Temple GrandinPosted on September 15th at 9:28 am
Dr. Temple Grandin did not speak until she was four years old. She was labeled as “brain damaged” as a child. As an adolescent, she was called “nerdy,” “weird,” or “tape recorder,” as she often repeated herself. Her conversational and social skills did not fit the norm, but for Temple Grandin, her separation from societal strictures is exactly what allowed her to become the successful and empathetic academician, autism advocate, and prodigious animal scientist she is today.
Dr. Grandin’s diagnosis with autism at age two did not doom her to a life of unproductivity. Neither she nor her parents believed that her differences were enough to make her “lesser,” and with the help of her family and dedicated mentors, Temple Grandin defied the odds. She earned a degree in psychology from Franklin Pierce College, a master’s degree in animal science from Arizona State University, and a doctoral degree in animal science from the University of Illinois. Her academic achievements alone speak volumes against the diagnosis, which many assumed would sentence her to an unaccomplished life. But her actions and the way she has utilized her unique ways of thinking and understanding are evidence of remarkable perseverance and persistence.
Dr. Grandin realized early on that the way her brain works is special—she “thinks in pictures” and understands the surrounding world in a different way than her peers. She was ostracized and teased by her peers as a young girl. The innate challenges of adolescence were amplified because of her autism, but the power of hurtful words was not strong enough to deter Temple Grandin. She set her focus on her studies; she honed in on her skills and refined her talents, all the while working to understand and modify the characteristics of her autism. And although she worked to normalize socially, it was her sensitivity to the generally unnoticed that gave her an articulate empathy and helped her to explain to the world the unusual and complex behavior of people living with autism.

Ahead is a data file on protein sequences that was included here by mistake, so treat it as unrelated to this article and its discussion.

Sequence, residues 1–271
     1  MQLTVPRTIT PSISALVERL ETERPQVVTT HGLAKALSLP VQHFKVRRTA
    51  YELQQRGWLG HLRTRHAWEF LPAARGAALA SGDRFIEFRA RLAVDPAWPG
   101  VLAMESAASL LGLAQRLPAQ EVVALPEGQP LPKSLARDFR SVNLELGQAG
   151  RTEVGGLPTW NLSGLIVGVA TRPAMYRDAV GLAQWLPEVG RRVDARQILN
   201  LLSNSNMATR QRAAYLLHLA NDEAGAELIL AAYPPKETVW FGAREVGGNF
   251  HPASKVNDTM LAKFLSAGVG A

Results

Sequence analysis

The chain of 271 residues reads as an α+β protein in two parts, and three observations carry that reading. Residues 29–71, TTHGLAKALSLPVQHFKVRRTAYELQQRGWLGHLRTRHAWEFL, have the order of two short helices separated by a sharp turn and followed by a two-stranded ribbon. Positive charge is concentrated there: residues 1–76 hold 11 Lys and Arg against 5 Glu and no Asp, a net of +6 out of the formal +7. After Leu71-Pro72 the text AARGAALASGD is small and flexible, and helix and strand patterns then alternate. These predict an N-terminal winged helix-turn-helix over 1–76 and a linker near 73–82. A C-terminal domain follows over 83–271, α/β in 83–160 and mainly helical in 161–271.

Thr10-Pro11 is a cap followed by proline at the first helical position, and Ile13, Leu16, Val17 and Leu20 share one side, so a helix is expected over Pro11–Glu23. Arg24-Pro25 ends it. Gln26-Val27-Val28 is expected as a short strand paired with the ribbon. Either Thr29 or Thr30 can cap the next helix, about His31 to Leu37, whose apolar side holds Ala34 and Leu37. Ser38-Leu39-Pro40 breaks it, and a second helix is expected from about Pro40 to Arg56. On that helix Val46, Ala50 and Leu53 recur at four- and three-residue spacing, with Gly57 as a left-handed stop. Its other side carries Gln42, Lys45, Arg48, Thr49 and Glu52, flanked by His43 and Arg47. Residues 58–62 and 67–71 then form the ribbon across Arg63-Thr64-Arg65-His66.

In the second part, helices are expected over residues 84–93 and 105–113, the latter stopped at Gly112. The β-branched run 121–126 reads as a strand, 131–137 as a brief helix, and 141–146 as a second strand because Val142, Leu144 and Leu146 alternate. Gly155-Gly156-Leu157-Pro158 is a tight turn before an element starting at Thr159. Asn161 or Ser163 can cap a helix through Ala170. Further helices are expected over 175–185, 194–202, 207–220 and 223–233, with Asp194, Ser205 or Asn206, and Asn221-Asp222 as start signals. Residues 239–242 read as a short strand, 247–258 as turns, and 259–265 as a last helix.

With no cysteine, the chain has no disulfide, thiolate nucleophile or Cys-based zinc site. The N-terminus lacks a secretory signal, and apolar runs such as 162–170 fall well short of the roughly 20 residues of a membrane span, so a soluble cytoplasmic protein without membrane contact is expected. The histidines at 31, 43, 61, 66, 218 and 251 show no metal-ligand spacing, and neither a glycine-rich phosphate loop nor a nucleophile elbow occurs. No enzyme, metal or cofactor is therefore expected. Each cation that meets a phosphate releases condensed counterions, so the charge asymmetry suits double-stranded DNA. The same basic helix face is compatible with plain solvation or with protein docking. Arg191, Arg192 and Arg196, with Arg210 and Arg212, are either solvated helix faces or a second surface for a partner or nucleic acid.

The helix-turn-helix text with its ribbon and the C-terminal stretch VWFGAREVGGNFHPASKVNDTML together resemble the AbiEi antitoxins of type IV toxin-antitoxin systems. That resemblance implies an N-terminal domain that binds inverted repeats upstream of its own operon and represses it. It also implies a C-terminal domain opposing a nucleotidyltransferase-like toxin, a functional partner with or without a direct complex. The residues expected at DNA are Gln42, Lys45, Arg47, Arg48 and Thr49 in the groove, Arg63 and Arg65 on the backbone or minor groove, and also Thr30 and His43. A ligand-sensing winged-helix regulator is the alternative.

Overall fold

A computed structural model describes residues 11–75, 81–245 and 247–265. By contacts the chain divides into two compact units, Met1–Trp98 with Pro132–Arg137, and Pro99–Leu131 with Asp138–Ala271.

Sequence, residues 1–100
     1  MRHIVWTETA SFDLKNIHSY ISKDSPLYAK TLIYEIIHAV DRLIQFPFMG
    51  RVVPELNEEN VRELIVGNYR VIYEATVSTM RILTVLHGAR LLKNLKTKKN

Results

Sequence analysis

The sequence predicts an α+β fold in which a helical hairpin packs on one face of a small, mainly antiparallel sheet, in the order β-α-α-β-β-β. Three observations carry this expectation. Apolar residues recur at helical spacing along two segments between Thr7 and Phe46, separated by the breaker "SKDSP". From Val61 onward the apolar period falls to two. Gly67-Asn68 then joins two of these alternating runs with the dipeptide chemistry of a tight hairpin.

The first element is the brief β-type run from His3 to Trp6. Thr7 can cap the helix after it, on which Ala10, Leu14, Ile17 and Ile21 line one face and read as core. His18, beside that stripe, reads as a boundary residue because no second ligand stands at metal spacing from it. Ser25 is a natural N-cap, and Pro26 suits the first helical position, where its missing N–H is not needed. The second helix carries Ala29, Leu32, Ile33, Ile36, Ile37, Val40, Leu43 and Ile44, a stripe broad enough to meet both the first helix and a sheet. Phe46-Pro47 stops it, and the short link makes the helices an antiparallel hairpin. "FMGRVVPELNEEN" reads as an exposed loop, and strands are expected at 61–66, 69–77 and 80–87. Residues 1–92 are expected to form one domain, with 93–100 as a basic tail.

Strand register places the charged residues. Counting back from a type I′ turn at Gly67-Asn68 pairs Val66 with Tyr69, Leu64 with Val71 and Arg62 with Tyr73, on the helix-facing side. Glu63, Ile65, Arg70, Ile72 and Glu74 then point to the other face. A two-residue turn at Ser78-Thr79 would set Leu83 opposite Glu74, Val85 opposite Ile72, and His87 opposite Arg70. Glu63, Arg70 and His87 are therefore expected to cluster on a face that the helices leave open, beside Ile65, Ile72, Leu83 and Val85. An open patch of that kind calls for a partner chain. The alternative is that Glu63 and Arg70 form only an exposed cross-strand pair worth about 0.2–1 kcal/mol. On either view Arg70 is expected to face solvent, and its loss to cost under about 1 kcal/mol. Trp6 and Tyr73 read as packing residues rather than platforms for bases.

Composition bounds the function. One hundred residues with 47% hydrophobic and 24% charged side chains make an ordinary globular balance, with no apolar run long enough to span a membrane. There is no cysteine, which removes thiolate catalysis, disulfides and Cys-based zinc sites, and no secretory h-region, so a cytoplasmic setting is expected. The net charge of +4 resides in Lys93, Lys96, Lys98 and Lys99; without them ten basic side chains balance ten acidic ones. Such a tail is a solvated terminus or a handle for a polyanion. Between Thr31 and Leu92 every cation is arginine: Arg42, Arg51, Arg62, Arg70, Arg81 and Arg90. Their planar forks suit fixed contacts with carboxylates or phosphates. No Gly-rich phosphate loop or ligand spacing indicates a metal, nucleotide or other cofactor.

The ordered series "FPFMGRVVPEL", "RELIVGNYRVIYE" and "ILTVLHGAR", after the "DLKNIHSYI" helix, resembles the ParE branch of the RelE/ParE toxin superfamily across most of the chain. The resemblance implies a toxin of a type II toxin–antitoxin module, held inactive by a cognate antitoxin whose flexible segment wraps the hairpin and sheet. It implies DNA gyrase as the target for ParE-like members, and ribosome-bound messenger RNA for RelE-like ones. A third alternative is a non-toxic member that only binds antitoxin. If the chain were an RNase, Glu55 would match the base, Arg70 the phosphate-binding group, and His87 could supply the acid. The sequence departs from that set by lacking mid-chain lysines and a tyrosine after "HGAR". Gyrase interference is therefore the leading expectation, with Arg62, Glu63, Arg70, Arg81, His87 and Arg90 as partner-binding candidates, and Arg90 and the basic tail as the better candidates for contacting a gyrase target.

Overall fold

Because of her own triumphs in spite of personal challenges, she continues to encourage children with autism and their parents to allow these children to succeed—to push them to reach their full potential, even though the path may not seem “normal” to many. Her long-standing advocacy in the autistic community has given voice to those who cannot express themselves easily.
Alongside her autism advocacy, Dr. Grandin is a leading voice in animal treatment—particularly in the arena of large-scale livestock facilities. She has invented farm equipment for humane handling of livestock, created out of her understanding of how animals think, behave, and react to stimuli. She is able to “think like a cow,” she says, and has served as a valuable consultant for major international corporations dealing with animals. She now serves as a professor of animal sciences at Colorado State University, teaching students to see from her point of view and to better understand the world around them by examining it through a different lens.
Dr. Temple Grandin is autistic. But that label is not a negative defining point for her life. She is an author, a lecturer, a professor, a scientist, an activist, a humanitarian, and a brilliant thinker. She is cited in journals and books and is the subject of a Grammy award-winning film. She is different, and she always has been. But she did not allow her differences to isolate her. She utilized them to enhance the lives of others.
Hers is truly an investment in a life of uncompromising commitment.